There are a lot of sketchy ideas and publicity stunts pushed at the annual Consensus blockchain conference in New York City, but hot damn this “blockchain-based state” has truly managed to set the bar.
It’s called Decenturion, and, if its representatives at Consensus are to be believed, it’s a decentralized society backed by real people buying up real property and opening physical embassies around the globe with the stated goal of creating a community of “innovators.”
But here’s the thing: We don’t believe it. It’s just too fucking bonkers. Oh, that and the fact that no one supposedly working for the company could answer any of our basic questions about it.
But before we dig into that, let’s first take a look at what grand idea Decenturion appears to be selling. We apologize in advance to those of you whose freshman college roommates decorated dorm rooms walls with Atlas Shrugged posters.
THERE ARE THOSE, THE INNOVATORS, WHO DARE TO FOLLOW THE PATH OF PROGRESS, BECOMING THE FOUNDERS OF HISTORY. THEN THERE ARE THOSE, THE INHIBITORS, WHO ATTEMPT TO HINDER PROGRESSION BY CREATING OBSTACLES AND REGULATIONS. HOWEVER, ONCE THE WHEELS OF PROGRESS HAVE BEGUN TO TURN, THE INHIBITORS CANNOT STOP THE FORWARD THRUST OF INNOVATION.
Sounds reasonable enough.
Oh yeah, and we can’t forget about blockchain. “NOW THERE IS A NEW FORCE EMERGING,” the totally normal all-caps manifesto tells us, “ONE CAPABLE OF BECOMING THE LATEST WORLD-CHANGING TECHNOLOGY; BLOCKCHAIN.”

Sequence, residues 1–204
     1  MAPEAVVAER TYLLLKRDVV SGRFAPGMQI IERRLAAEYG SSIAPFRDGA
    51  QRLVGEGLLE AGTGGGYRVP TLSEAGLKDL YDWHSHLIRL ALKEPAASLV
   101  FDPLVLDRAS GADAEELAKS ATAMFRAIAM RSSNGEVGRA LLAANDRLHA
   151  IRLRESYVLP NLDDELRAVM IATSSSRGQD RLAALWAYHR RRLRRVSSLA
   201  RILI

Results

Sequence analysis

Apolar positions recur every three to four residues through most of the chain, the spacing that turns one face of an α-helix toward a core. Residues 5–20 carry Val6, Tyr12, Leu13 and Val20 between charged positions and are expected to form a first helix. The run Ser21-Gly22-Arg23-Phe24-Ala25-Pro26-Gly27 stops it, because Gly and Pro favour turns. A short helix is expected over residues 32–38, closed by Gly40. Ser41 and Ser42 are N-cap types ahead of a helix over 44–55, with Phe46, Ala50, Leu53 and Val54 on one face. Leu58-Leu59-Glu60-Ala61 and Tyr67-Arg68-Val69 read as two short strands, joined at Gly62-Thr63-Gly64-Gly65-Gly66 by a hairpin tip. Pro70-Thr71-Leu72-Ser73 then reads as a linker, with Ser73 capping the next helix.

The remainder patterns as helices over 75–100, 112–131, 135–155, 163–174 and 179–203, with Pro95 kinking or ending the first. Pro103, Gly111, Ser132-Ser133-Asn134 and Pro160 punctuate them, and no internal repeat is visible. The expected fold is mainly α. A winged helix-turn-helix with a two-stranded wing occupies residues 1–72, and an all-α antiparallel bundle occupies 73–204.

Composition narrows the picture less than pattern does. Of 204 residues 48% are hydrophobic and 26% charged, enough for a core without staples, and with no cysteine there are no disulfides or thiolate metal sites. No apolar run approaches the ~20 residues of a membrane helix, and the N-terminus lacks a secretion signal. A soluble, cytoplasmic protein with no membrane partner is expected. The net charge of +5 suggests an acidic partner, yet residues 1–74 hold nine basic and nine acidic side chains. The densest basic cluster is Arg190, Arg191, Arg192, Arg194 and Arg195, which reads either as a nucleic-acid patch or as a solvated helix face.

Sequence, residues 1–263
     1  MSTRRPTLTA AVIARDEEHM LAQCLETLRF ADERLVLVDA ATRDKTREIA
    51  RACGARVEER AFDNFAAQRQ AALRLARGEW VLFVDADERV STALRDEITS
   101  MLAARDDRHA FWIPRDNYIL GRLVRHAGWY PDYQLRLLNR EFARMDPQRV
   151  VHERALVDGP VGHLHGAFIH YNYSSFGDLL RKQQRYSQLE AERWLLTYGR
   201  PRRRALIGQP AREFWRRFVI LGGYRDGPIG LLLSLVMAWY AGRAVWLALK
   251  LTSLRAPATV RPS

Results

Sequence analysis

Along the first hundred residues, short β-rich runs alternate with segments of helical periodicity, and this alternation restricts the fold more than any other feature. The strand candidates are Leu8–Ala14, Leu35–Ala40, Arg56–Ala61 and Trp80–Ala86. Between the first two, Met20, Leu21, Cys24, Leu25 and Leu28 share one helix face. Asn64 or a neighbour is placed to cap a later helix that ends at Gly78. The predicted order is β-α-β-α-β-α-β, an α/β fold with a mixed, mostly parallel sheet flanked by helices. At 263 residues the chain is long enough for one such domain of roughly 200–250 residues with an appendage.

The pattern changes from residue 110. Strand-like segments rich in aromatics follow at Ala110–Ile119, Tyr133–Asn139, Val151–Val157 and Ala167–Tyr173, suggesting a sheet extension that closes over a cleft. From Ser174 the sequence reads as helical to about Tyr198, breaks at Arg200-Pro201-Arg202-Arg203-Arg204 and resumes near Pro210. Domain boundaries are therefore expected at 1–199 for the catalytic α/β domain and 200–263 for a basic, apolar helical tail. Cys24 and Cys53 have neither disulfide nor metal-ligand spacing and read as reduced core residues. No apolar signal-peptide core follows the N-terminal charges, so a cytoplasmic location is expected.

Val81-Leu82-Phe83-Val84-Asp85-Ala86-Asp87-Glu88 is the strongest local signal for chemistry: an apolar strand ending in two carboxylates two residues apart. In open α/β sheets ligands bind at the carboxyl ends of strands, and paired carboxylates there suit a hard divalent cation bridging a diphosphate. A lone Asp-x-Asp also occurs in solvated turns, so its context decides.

But that’s not all. To make blazing past those pesky inhibitors possible, Decenturion is issuing 30,000,000 tokens “tied to Ethereum.” And, as a super cheesy doom-and-gloom promotional video embedded below a countdown clock posits: “what if the state pays its citizens, not the citizens pay the state.”
But even though all of the above sounds totally legit and normal, you might still want to slow your roll on applying for citizenship.
The Decenturion booth at Consensus was staffed by a large group of people who, strangely enough, couldn’t really provide any details on who is behind the project. Sure, one booth attendant told me that Singapore, Tokyo, and Paris are all possible sites for future embassies, but she definitely couldn’t tell me anything else about the group’s property buying plans.
Another booth staffer mentioned that there are even moves to “go to the UN,” whatever that means.
I asked one of the attendants about her connection to the company and she explained that she’s a student in New York City and just started working for Decenturion on Monday of this week. Although “working” is perhaps the not the right word, as she claimed to be there in a “volunteer” capacity.
She further explained that another so-called volunteer trained her on the talking points, and that she had to sign an NDA.
We reached out to the media email address provided, but, perhaps unsurprisingly, didn’t hear back. A quick Whois lookup of the website shows that it was registered in January of this year and updated in May, but not much else.
So what, really, is going on here? Is this an elaborate promotional stunt like the fake protest outside Consensus? Or just an earnest group with cash to burn pitching their pipechain dreams?
The truth 100 percent definitely lies somewhere on the blockchain — if only we could INNOVATE our way to it.